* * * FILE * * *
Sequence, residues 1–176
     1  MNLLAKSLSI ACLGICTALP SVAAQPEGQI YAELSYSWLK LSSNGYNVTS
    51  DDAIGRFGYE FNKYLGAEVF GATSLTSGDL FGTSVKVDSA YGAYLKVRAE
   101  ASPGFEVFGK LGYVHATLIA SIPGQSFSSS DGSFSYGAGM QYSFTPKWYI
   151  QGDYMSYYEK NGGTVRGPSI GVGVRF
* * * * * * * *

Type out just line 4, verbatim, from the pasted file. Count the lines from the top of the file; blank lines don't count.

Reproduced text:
   101  ASPGFEVFGK LGYVHATLIA SIPGQSFSSS DGSFSYGAGM QYSFTPKWYI